The main tendon of the foot is the Achilles tendon, which runs from the calf muscle to the heel. The Achilles tendon makes it possible to run, jump, climb stairs and stand on your toes.

The main ligaments of the foot are:

  • Plantar fascia – the longest ligament of the foot. The ligament, which runs along the sole of the foot, from the heel to the toes, forms the arch. By stretching and contracting, the plantar fascia helps us balance and gives the foot strength for walking.
  • Plantar calcaneonavicular ligament – a ligament of the sole of the foot that connects the calcaneus and navicular and supports the head of the talus.
  • Calcaneocuboid ligament – the ligament that connects the calcaneus and the tarsal bones and helps the plantar fascia support the arch of the foot

Anatomy helps you to understand what I am going to be discussing today. With 26 bones, more than 100 muscles, tendons and ligaments it is important to ensure they are all performing properly, after all your feet are your foundation and as your foundation goes so goes the rest of your or any other structure. The first and most important part of this discussion is the term proprioception. Below is a definition and some diagrams that will allow you to understand and a much quicker pace than having me explain them to you.



Learn to pronounce


PHYSIOLOGY: perception or awareness of the position and movement of the body.”exercises to improve performance and proprioception.”

As you can see from the diagrams proprioception is very important to support, balance, and mobility.

Well how is that corrected? As I mentioned up above there are certain joints and bones that can subluxated and need to be adjusted.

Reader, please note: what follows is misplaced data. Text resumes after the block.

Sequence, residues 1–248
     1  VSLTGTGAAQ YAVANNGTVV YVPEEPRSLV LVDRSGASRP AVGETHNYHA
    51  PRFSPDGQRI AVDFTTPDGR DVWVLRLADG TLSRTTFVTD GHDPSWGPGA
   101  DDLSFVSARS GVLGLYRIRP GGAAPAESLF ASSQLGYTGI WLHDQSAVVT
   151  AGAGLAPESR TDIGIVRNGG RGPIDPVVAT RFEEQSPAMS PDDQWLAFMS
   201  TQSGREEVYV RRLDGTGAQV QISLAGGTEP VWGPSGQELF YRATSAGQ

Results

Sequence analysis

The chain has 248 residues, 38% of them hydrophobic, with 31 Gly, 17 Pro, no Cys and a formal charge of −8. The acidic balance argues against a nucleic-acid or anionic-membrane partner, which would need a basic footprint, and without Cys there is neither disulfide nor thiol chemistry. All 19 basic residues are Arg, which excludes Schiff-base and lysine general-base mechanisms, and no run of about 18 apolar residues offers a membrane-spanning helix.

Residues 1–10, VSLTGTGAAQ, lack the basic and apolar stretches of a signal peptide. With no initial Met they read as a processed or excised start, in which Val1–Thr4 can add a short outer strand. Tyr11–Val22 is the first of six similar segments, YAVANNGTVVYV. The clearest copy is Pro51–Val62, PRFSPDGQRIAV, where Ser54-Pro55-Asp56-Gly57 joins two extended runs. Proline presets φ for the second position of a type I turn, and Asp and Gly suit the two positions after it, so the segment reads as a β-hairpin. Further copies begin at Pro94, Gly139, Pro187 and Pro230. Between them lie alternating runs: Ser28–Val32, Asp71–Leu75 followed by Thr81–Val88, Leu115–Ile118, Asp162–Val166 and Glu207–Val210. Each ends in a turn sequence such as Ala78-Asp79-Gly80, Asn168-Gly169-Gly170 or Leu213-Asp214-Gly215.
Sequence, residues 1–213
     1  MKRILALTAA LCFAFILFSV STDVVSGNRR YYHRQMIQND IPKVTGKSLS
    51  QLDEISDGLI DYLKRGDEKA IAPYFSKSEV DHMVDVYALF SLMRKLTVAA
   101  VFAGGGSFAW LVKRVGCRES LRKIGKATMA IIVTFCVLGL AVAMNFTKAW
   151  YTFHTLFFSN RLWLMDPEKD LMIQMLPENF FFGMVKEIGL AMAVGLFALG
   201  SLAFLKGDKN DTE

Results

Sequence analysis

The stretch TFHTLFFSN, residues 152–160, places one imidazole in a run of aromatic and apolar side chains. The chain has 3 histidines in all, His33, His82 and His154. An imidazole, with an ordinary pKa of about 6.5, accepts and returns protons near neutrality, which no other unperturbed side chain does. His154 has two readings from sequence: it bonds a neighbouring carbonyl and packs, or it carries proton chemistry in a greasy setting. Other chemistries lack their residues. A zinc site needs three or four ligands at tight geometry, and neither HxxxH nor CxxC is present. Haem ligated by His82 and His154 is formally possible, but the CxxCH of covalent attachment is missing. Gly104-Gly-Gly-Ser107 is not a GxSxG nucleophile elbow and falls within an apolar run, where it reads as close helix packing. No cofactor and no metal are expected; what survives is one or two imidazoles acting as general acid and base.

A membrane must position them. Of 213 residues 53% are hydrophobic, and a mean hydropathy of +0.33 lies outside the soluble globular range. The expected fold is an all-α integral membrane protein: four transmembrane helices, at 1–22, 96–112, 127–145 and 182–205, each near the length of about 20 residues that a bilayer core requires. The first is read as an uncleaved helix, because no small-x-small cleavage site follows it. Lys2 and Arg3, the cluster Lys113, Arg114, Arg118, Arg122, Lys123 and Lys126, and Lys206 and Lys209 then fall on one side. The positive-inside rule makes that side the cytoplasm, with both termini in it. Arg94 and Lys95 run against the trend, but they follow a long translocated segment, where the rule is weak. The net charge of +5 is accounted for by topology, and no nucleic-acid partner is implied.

The first one and most common joint adjusted by Chiropractors in relationship to restoring proper foundational performance is the talus joint, it typically subluxates to the lateral side of the foot (see red arrow).

This adjustment is best known as a good ole’ ankle adjustment.  A subluxated Talus can leave the foot rolling in on the arch and may cause some pain and discomfort.

This adjustment is the start of the readjustment(reconstruction) of the foots primary arch support. Although the Talus is commonly known as the primary bone for the arch I like to refer to the Navicular as the key stone to the arch.

It typically will subluxated downward or better known as posterior (see blue arrow). Next in line for adjustments are the Cuneiforms, yellow arrows, and last but not least is the second Metatarsal-Phalangeal joint.

The Metatarsophalangeal (MTP) joint is key to proper foot dynamics, you can correct the feet all day but to best hold them in the proper adjustment will take a little support.  The kind of detail I would have to provide would take this blog way to long to keep your interest, however, if you want to learn more I will be coming out with a blog talking about this simple inexpensive simple insole that provides a lift under the Metararsophalangeal joint. See my blog on the proper insole for a full explanation on how they work and why they are so vital to your over all health.

For those of you suffering from the second picture of the MTP joint, a gnarly looking painful BUNION,  I have good news for you, yes they can be adjusted and in some cases corrected through manipulation. It all has to do with correcting your feet in the proper manner and sequence, hint it has to do with the Sesamoid bones so go back up and see what they are. I will bring more info on that in another blog. Hope you enjoyed this little presentation and feel free to contact me with questions or a reply.